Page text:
Florida Senate: Seal won't display Confederate flag anymore
Florida Senate removed the Confederate battle flag from its official seal. In Tennessee, county commissioners voted down a proposal to fly the flag Monday.
Tallahassee, Fla. — The Florida Senate is removing the Confederate battle flag from the chamber's official seal.
The entire Senate on Monday agreed to revise the seal that now contains the battle flag along with four other flags that have flown in Florida.
The Senate seal is located prominently in the Senate chambers in the Florida Capitol. Replicas of the seal appear throughout the Capitol and are included on Senate stationery.
A Senate committee had proposed replacing the Confederate battle flag with the current Florida flag. But Senate President Andy Gardiner told reporters that the Senate may consider altering the entire seal.
Sen. Arthenia Joyner asked the chamber to consider the change shortly after Dylann Roof was accused of killing nine people at a South Carolina church. Roof appeared in photos with the Confederate flag.
In Tennessee, protests erupted but the commissioners of Greene County, Tenn., rejected one commissioner’s proposal to fly the Confederate battle flag about the courthouse as a sign of the region’s “heritage and loyalties.”
Commissioner Randolph and his supporters echoed arguments that the battle flag is an integral part of Southern history, and ought to be respected as such. “It ain’t got anything to do with race or anything like that,” he told reporters from Tennessee news station WJHL.
As The Christian Science Monitor reported, the Confederate battle flag debate flared up after a racially motivated shooting that left nine black worshippers dead in June at the Emanuel African Methodist Episcopal Church in Charleston, S.C.. Following the murders, South Carolinians engaged in a contentious public debate about the battle flag waving near the state capitol. State legislators voted to remove the flag in July.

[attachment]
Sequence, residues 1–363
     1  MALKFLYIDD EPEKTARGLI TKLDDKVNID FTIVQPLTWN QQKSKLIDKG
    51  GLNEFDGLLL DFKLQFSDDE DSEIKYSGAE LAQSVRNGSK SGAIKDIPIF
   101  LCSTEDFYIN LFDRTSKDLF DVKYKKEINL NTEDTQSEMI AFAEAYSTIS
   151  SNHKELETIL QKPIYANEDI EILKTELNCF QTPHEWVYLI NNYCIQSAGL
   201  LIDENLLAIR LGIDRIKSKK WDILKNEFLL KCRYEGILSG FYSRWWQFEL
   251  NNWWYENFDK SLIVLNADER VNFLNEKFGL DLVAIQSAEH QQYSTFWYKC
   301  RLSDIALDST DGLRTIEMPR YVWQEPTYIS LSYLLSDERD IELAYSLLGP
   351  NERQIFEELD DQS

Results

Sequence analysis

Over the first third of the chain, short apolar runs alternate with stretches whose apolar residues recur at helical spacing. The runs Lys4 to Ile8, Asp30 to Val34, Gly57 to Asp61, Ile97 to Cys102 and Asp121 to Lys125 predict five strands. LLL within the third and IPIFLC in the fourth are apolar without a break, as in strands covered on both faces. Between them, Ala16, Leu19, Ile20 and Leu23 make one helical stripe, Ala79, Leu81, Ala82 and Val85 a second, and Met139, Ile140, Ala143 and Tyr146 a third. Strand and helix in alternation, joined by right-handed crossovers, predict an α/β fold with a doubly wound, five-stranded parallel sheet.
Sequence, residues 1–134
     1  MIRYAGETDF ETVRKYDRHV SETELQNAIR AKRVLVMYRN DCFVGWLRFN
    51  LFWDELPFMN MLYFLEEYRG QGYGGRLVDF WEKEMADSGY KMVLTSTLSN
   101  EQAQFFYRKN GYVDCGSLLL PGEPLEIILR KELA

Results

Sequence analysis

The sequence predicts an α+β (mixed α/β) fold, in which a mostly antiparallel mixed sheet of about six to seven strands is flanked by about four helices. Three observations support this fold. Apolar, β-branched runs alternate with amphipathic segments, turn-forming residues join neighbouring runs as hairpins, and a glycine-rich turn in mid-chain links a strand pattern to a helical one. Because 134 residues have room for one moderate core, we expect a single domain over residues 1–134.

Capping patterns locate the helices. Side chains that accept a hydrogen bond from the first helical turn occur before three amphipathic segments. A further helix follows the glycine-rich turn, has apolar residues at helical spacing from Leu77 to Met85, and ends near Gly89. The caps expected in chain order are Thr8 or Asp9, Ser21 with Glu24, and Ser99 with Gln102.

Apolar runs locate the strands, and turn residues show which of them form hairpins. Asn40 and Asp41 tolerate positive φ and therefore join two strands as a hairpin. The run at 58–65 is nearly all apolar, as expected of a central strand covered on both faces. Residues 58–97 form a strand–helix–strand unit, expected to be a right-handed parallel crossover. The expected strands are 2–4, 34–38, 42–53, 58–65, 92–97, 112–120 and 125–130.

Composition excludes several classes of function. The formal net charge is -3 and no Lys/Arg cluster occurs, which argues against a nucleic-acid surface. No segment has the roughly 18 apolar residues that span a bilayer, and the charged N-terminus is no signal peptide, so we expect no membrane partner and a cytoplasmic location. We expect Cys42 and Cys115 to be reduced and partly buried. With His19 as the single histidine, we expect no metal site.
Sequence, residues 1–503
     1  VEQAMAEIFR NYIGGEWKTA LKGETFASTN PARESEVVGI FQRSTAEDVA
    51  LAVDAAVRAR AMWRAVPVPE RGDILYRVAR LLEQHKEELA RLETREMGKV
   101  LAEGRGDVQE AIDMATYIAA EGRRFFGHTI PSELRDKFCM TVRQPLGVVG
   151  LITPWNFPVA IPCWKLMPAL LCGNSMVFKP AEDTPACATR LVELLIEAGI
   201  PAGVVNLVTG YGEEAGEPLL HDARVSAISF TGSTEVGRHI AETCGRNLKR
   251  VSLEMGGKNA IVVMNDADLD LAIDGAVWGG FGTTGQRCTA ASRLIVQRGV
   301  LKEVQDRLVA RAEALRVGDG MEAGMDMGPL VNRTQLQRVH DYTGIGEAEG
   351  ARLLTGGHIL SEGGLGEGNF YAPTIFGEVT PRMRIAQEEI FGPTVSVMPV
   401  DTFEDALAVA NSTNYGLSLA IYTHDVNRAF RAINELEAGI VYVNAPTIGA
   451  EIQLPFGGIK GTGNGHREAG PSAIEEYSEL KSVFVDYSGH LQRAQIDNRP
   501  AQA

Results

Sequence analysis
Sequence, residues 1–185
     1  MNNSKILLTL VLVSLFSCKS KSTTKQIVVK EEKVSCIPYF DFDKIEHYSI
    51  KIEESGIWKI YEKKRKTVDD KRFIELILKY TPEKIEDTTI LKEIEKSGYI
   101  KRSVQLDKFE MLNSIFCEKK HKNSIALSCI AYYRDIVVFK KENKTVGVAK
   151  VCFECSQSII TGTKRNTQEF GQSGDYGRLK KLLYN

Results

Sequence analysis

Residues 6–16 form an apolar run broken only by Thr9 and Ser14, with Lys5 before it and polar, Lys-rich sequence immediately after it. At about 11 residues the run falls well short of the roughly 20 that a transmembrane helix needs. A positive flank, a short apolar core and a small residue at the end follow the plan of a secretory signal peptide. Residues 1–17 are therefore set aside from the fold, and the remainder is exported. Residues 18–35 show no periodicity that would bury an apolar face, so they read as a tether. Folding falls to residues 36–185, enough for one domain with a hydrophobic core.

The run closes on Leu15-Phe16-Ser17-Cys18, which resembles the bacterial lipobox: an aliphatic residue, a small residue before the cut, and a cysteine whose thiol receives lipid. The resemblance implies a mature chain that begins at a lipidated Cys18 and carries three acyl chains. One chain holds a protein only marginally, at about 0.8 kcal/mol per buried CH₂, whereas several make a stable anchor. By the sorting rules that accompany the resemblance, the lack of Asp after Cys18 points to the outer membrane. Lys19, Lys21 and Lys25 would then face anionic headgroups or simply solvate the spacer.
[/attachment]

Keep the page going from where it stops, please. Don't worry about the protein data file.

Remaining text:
Watching the flag be furled for good in Columbia, S.C., The Monitor’s Patrik Jonsson reflected on how a piece of cloth some treasure as “the distilled spirit of the South” was actually a relatively recent addition to Southern statehouses.
After the Civil War, the flag had little public role except as a museum piece – until 1961, when segregationists flew it to celebrate the war’s 100th anniversary. It stayed up to spite civil rights protestors as discriminatory laws were taken off the books in the 60s and 70s, gradually being diluted – for some – to a symbol of “Southern-fried rebellion: a quaint, youthful symbol that pop culture often treated with hilarity,” he wrote.
That reinvention coexisted with the flag’s legacy, “so horrific to many black people and others,” Mr. Jonsson wrote, “that it gave them chills just to be near it.”